by H. G. Jones, 2006
Part 1: Introduction; Part 2: Colonial and State Records and the First Generation of Professional Historians; Part 3: Twentieth-Century Achievements and New Historical Approaches
Twentieth-Century Achievements and New Historical Approaches
The next generation of historians benefited from an improving methodology that stressed greater objectivity in research. John Hope Franklin began a long and distinguished career as an interpreter of African American history with the 1943 publication of The Free Negro in North Carolina, 1790-1860. Albert Ray Newsome and Hugh T. Lefler coauthored North Carolina: The History of a Southern State (1954), which served as the standard college-level textbook for three decades. Lefler's North Carolina History Told by Contemporaries provided a useful supplementary text. Guion Griffis Johnson's Ante-Bellum North Carolina: A Social History (1937) broke new ground with its extensive use of newspaper reports of nonpolitical activities. William S. Powell, combining his training as a librarian and a historian, became the state's most prolific writer and editor of history, publishing the popular North Carolina Gazetteer (1968), the college-level textbook North Carolina through Four Centuries (1989), the six-volume Dictionary of North Carolina Biography (1979-96), and many other works. English professor Richard Walser published widely on the literary history of the state, and H. G. Jones, historian and curator of the North Carolina Collection at the University of North Carolina Library, published North Carolina Illustrated, 1584-1984 (1983), the first pictorial history of North Carolina.
State and local history underwent another change near the end of the twentieth century, when the writing and teaching of chronological history was largely superseded by the examination of particular aspects of the past. Local records and personal accounts provided fodder for a new cadre of historians emphasizing history of people who may have been previously overlooked. Their subjects, often narrow in scope, combined to broaden the landscape of historical studies by bringing to light vast quantities of information previously buried in county records, local newspapers, obscure manuscripts, and oral tradition. Ethnicity, race, and gender attracted particular attention from adherents of this new social history.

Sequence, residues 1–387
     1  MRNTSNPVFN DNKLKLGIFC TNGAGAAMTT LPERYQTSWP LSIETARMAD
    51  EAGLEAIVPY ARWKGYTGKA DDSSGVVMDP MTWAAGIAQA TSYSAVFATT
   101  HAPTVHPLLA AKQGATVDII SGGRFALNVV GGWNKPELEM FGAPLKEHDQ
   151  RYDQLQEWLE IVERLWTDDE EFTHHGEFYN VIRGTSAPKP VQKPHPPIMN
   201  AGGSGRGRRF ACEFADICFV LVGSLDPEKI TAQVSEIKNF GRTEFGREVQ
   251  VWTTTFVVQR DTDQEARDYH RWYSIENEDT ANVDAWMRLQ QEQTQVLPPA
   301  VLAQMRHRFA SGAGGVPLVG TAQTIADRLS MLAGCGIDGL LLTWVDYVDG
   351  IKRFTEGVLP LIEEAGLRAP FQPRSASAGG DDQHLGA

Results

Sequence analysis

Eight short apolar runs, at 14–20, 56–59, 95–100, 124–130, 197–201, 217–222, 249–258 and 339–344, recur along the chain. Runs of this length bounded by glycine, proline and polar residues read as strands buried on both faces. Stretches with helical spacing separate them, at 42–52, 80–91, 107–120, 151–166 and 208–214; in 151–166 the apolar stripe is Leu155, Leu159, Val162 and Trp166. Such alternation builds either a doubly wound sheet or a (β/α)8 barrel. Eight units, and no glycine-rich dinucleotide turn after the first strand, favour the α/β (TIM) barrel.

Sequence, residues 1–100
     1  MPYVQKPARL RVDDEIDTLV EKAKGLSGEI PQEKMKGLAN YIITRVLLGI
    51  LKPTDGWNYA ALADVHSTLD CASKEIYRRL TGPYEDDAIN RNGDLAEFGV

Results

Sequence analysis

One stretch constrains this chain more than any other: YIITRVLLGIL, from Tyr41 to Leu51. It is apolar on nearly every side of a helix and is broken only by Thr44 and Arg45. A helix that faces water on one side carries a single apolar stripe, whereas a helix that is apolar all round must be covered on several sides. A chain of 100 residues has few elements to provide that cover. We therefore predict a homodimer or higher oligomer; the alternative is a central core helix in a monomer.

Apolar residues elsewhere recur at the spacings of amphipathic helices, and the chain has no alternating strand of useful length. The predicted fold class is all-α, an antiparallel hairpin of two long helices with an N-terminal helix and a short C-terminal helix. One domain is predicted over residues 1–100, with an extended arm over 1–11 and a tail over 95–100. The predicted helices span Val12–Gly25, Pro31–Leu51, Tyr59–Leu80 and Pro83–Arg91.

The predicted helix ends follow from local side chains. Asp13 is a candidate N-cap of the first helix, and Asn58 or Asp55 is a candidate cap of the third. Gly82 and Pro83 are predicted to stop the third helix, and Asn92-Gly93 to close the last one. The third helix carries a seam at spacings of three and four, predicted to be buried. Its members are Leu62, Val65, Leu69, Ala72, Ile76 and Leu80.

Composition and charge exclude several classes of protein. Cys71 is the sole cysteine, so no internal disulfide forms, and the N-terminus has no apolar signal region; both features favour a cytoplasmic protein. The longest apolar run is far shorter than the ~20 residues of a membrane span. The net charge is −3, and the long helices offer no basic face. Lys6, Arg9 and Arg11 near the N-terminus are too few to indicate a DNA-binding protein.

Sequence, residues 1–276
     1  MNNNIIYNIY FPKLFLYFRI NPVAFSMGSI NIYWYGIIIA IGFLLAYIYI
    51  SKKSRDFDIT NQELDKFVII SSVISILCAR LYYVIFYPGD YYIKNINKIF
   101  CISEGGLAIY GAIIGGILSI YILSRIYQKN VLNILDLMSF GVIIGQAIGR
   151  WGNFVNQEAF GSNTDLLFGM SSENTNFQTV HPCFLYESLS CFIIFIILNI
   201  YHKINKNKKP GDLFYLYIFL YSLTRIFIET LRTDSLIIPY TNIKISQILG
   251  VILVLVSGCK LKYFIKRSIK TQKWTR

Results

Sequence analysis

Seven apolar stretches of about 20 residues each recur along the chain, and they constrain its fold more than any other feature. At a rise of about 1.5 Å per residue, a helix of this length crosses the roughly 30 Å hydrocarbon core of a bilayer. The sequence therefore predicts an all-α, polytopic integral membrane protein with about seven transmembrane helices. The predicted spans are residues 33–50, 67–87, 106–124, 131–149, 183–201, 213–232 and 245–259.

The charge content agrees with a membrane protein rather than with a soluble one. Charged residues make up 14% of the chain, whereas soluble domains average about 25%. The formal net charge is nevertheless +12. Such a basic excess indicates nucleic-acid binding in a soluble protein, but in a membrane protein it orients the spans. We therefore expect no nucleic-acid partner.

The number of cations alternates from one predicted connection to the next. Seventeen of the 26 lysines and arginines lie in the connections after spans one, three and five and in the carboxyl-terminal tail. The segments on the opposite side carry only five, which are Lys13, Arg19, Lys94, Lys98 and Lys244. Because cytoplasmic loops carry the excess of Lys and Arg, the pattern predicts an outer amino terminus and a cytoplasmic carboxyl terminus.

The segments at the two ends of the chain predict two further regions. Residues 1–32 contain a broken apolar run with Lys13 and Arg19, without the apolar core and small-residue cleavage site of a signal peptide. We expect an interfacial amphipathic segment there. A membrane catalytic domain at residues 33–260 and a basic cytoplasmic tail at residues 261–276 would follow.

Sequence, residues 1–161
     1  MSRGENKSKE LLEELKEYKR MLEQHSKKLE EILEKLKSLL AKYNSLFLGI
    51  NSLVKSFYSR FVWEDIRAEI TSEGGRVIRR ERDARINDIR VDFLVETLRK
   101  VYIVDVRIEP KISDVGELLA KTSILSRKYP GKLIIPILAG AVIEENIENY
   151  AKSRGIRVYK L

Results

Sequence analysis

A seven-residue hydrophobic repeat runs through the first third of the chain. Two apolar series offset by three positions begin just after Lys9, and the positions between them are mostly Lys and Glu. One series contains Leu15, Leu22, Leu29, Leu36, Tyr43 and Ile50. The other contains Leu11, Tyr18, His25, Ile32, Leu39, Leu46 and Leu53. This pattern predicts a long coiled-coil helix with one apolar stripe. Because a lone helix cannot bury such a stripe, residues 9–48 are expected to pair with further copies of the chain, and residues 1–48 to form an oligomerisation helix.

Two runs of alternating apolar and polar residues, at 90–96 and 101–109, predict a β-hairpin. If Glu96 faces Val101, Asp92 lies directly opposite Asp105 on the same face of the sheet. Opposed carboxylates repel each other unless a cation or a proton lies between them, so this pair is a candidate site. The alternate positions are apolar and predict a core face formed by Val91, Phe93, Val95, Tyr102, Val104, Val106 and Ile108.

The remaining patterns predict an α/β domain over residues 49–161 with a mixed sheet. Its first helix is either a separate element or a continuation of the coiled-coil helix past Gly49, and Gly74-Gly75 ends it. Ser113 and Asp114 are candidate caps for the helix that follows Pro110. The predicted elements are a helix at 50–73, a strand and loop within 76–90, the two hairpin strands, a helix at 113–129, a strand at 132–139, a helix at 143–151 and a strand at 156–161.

Once incorporated in theses and dissertations, new information found its way into broader studies, enriching and often challenging previous interpretations of the past. While faculty and graduates of the University of North Carolina at Chapel Hill had produced many of the earlier publications on state and local history, interest in the subject spread to other institutions. For example, Duke University historians joined UNC-associated authors in producing a series titled The Way We Lived in North Carolina (1983; reissued in 2003). This broadening of the geographical base of researchers was reflected by the Historical Society of North Carolina, which sought institutional diversity among its elected membership.
State and local history, once considered "provincial" by some historians, thus found its way into the mainstream. Ironically, while both written and visual images of the past were being given increased attention by a new generation of historians, the teaching of courses in North Carolina history was losing ground both in college and in the public schools.
Jeffrey J. Crow and Larry E. Tise, eds., Writing North Carolina History (1979).
H. G. Jones, For History's Sake: The Preservation and Publication of North Carolina History, 1663-1903 (1966).
Jones, North Carolina History: An Annotated Bibliography (1995).
Ansley Herring Wegner, History for All the People: One Hundred Years of Public History in North Carolina (2003).
North Carolina Society of Historians official website: http://www.ncsocietyofhistorians.org/
The North Carolina Association of Historians official website: http://www.ncassnhistorians.org/
Walbert, Kathryn. "Reading primary sources: An introduction for students." LearnNC.org. http://www.learnnc.org/lp/pages/745 (accessed October 8, 2012).
Charlotte Engraving Company. "Photograph, Accession #: H.19XX.326.35." North Carolina Museum of History.
1 January 2006 | Jones, H. G.